Prince Karim Aga Khan speaks at the Stoa of Attalos in Athens on the occasion of the International Day of Democracy. PHOTO: PR
Source: Express Tribune
Prince Karim Aga Khan, the spiritual leader of the Ismaili community, has said that improving the quality of life is the most important component of a successful democracy.
“I believe that the progress of democracy in our world is fundamentally linked to improving the quality of human life,” he said on Tuesday in a keynote address at the Athens Democracy Forum, an international gathering of diplomats, business leaders and opinion makers hosted by the International New York Times and the United Nations Democracy Fund.
He cited the ability to understand constitutional systems, independent and pluralistic media, strong civil society and commitment to diversity and social dialogue as key elements in achieving the goal of improved quality of life, an official statement said.
“Democracy can only survive if it demonstrates, across the years and across the planet, that it is the best way to achieve that goal,” he said.
The founder and chairman of the Aga Khan Development Network also said that political concepts and constitutional systems are often poorly understood to the detriment of democracy. “One problem is a poor understanding of comparative government systems. That subject is not part of most educational curricula, and, in the countries I know best, the media rarely explain the logic, or the options, of constitutional change.”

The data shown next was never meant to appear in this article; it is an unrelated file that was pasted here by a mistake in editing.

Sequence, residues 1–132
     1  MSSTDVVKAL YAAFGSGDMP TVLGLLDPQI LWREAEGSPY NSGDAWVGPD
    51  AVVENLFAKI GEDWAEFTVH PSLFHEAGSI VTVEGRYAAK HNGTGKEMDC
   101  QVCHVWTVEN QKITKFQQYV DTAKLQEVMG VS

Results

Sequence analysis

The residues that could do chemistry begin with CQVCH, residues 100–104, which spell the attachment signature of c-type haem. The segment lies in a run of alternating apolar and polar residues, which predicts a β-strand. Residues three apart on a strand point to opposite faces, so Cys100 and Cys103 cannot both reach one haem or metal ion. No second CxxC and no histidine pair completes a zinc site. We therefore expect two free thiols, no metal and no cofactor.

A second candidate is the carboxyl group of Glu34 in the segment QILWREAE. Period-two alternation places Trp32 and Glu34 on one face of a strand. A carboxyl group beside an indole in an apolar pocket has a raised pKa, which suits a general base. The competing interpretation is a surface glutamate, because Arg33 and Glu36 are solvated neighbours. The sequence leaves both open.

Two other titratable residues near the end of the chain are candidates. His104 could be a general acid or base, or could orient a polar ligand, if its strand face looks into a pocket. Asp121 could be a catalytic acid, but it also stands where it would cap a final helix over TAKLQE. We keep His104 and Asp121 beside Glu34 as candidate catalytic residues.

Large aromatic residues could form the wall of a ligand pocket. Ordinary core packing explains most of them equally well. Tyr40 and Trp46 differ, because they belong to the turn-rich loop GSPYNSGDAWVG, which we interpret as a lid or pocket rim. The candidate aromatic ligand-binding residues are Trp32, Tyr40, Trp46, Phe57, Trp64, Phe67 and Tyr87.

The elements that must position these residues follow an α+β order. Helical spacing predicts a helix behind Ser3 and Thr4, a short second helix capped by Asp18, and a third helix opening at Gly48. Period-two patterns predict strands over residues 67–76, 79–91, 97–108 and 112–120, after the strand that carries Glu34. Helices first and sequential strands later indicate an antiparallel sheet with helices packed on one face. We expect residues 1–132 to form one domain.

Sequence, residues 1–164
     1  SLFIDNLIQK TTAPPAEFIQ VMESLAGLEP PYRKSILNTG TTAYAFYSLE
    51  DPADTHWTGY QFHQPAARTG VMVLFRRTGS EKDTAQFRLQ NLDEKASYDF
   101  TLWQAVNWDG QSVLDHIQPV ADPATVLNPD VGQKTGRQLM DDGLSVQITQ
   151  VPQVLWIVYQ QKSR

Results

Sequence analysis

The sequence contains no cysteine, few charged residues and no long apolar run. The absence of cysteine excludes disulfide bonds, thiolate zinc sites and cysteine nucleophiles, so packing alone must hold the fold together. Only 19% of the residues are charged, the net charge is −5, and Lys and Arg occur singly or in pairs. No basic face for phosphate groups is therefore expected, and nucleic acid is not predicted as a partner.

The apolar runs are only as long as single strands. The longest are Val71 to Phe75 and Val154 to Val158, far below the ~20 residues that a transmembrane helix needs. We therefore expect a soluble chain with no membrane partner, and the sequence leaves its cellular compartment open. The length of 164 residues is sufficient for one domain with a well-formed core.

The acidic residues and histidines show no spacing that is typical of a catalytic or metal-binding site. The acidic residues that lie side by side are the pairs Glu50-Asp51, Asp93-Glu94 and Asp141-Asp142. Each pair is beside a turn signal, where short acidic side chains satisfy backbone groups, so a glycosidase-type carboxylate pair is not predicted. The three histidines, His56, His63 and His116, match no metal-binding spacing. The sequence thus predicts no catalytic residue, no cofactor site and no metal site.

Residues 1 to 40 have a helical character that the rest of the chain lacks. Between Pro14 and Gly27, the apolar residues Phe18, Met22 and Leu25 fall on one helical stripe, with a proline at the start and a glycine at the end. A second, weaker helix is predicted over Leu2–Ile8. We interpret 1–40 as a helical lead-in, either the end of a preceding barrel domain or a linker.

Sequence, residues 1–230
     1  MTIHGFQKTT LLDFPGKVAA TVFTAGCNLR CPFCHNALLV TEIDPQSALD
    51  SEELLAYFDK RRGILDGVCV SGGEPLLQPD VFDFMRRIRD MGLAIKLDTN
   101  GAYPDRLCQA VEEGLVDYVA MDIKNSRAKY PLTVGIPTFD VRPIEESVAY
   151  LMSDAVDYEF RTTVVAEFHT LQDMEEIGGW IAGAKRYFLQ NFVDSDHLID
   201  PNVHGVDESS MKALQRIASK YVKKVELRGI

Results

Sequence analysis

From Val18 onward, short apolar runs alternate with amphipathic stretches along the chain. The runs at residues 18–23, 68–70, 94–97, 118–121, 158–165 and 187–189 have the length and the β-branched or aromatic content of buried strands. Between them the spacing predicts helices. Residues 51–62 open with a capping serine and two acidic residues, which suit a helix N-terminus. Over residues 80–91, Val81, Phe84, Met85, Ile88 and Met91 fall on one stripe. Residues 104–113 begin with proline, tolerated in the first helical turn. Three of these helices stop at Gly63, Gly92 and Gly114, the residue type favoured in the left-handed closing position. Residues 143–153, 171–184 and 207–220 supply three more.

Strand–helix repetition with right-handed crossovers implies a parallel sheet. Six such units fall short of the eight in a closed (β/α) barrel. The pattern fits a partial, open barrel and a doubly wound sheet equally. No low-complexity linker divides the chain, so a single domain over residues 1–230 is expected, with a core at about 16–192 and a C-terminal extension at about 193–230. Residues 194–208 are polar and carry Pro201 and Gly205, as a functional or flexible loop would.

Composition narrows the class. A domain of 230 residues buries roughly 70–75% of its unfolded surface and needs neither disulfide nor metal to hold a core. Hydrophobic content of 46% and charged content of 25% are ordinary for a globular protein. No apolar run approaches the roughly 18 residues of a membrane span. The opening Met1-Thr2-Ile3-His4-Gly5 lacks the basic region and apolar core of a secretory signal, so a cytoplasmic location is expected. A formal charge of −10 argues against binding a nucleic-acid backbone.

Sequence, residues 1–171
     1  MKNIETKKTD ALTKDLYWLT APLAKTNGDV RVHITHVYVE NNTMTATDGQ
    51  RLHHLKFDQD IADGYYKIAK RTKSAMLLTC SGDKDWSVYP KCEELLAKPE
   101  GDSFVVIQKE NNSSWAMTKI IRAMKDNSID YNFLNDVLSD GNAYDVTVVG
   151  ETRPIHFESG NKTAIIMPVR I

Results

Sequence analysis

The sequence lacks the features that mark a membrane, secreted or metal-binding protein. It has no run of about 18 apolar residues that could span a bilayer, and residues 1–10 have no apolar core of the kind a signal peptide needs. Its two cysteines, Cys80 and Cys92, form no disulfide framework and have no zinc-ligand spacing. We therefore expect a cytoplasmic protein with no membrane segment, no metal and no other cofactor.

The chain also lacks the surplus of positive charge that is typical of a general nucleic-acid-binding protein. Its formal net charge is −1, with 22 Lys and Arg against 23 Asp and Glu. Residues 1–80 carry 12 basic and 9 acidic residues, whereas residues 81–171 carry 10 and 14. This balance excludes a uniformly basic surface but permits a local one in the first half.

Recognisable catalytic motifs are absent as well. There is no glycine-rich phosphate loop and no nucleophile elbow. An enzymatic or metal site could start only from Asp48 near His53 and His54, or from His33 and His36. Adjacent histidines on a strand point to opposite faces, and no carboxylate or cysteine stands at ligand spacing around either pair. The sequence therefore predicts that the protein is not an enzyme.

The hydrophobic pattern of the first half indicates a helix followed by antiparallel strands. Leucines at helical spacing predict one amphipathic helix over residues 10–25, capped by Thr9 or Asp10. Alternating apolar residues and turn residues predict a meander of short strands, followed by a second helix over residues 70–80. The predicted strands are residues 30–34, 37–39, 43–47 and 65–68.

Prince Karim argued that at a time when many citizens are losing faith in all forms of government, finding common ground around the global aspiration for a better quality of life is essential in providing genuine hope for the future.
While emphasising the need for pluralistic and independent media, he cautioned that quantitative advances in communication technology have not necessarily produced qualitative progress in mutual understanding. “To be sure, each improvement in communications technology has triggered new waves of political optimism.”
But sadly, the Aga Khan went on to say, if information can be shared more easily as technology advances, so can misinformation and disinformation.
He called for a renewed emphasis on civil society organisations, a sector that he felt is deeply undervalued and yet essential to democracy.
The Ismaili community spiritual leader argued that key elements of civil society ranging from education, to healthcare, to environment cannot thrive and grow unless governments themselves support a healthy enabling environment.
Speaking at a time when society is witnessing increased polarisation, he underlined the importance of fostering a democratic ethic, at the heart of which is a commitment to genuine dialogue about the means of achieving a better quality of life.
Published in The Express Tribune, September 17th, 2015.